Book Review: The Darwin Strain

Zoologist Bill Schutt and archaeologist J. R. Finch have written the final chapter in their trilogy, beginning with “The Himalayan Codex” and “Hell’s Gate” closing with the exciting finale “The Darwin Strain.” (William Morrow, 412 pages)

Set in the post-World War II era, cryptozoologist Richard John (R. J.) MacCready and his friend Yanni Thorne, who possesses a great empathy towards animals, travel to the Greek island of Santorini to investigate a mysterious strain of microbe that appears to have miraculous healing powers.

But the red microbe seems to accelerate evolution, hence the book’s title. The pair join up with real-life sea explorer Jacques Cousteau as they investigate the mysteries on Santorini where they encounter Kraken. Every mariner’s worst fear is a terrifying beast of the great depths of the ocean.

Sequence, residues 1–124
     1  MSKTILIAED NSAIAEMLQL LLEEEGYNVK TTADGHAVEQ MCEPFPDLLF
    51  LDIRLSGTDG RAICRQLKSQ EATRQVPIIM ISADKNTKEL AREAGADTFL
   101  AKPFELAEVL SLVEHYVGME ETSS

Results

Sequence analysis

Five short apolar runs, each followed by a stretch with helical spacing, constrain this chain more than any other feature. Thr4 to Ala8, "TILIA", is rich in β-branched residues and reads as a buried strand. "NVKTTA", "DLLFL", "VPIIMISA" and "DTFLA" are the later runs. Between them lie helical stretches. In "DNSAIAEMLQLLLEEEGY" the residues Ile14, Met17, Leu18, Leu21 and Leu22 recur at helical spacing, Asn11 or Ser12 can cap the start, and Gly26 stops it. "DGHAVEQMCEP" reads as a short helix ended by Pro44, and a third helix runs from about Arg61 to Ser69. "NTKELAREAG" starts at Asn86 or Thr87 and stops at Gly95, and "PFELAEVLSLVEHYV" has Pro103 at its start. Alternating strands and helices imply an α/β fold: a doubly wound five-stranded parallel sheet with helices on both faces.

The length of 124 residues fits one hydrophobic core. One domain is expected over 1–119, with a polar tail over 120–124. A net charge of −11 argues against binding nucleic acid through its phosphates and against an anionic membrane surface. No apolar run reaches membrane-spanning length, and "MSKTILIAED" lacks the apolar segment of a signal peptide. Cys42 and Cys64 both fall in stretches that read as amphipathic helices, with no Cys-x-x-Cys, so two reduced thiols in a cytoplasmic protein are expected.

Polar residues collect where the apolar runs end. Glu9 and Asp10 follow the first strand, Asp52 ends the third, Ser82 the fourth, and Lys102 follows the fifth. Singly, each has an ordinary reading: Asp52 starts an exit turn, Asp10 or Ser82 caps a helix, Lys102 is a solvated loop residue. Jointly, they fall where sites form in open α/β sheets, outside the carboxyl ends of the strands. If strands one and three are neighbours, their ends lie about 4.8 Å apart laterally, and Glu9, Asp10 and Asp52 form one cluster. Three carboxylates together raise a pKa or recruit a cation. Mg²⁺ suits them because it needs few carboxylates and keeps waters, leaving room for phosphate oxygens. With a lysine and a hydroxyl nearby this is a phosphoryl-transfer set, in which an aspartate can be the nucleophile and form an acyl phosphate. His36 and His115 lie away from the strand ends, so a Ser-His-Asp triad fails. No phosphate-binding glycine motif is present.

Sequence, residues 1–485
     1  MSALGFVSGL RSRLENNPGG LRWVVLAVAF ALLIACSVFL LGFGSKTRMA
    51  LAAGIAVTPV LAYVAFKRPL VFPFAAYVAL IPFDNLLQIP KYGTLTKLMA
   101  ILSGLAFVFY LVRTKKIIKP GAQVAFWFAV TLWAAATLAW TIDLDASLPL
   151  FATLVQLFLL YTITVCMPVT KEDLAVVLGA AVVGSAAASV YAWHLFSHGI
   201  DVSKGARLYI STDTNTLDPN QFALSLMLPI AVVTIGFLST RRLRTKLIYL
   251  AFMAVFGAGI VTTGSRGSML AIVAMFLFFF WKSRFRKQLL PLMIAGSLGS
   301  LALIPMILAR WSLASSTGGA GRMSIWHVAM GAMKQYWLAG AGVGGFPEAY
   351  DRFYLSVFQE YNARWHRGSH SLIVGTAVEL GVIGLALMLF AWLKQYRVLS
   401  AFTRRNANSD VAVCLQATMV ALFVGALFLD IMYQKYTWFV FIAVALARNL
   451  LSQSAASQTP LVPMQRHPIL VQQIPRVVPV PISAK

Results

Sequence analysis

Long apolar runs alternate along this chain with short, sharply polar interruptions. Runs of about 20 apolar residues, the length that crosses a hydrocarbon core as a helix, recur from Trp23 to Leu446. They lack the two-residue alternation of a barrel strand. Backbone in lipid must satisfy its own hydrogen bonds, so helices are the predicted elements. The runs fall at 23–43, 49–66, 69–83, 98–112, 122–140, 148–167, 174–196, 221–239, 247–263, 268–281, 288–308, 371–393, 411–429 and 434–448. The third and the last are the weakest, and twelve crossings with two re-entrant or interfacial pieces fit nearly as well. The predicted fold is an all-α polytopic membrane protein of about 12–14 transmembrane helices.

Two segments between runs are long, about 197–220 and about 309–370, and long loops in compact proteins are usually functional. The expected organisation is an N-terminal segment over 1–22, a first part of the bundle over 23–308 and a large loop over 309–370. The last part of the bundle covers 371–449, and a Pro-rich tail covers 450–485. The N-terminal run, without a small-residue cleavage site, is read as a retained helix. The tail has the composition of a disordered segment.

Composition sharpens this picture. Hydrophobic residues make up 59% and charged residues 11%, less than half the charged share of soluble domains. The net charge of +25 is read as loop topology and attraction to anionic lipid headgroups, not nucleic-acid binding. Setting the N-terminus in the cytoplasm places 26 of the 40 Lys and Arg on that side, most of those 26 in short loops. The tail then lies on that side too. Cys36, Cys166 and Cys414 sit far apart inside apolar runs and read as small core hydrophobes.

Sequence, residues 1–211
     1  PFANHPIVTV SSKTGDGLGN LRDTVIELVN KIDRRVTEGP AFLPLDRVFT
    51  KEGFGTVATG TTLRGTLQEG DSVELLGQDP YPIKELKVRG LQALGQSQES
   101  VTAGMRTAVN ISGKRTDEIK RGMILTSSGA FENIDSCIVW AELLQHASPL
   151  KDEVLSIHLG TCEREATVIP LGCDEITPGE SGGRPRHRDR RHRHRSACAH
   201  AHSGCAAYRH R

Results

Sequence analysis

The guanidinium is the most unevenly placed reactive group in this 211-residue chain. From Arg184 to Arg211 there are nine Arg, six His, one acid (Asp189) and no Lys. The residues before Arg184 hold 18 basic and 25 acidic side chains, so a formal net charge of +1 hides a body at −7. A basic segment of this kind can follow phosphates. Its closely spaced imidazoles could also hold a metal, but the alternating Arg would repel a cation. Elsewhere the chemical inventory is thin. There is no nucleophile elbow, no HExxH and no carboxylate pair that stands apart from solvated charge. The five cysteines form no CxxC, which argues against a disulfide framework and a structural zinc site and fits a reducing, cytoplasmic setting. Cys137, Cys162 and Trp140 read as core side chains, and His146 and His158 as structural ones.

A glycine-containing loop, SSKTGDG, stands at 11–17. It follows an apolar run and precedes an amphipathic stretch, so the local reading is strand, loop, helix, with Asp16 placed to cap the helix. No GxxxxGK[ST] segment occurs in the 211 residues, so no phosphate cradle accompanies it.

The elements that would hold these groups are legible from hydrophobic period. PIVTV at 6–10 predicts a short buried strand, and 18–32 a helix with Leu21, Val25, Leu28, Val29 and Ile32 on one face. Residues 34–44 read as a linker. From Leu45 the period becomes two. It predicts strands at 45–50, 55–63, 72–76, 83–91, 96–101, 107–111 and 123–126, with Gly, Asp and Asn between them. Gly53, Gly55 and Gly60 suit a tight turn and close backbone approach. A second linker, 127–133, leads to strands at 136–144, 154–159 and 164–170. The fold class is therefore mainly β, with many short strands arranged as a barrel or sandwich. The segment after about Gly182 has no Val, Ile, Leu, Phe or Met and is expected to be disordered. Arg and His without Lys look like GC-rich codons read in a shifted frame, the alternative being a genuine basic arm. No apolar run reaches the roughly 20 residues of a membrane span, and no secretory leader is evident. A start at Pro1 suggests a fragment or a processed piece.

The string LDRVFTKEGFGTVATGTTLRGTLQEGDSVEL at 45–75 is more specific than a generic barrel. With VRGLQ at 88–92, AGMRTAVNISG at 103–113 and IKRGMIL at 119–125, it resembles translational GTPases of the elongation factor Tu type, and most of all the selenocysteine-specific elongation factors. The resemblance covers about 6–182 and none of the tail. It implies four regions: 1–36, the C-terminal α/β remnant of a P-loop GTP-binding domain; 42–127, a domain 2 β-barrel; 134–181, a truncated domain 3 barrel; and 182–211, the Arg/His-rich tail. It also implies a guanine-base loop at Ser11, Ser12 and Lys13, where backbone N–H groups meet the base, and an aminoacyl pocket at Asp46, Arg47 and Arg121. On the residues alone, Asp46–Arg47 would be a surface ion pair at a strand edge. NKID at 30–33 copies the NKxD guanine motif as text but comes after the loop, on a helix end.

The writing team of Schutt and Finch make zoology an exciting and riveting read. Their notes at the end of the book are most interesting and will leave the reader with respect for octopi.

For those who remember Peter Benchley’s “Jaws” here’s another great little seafaring yarn to pack in with one’s beach towel.


Today's breaking news and more in your inbox

I'm interested in (please check all that apply)
Are you a paying subscriber to the newspaper? *

Starting at $2.99/week.

Subscribe Today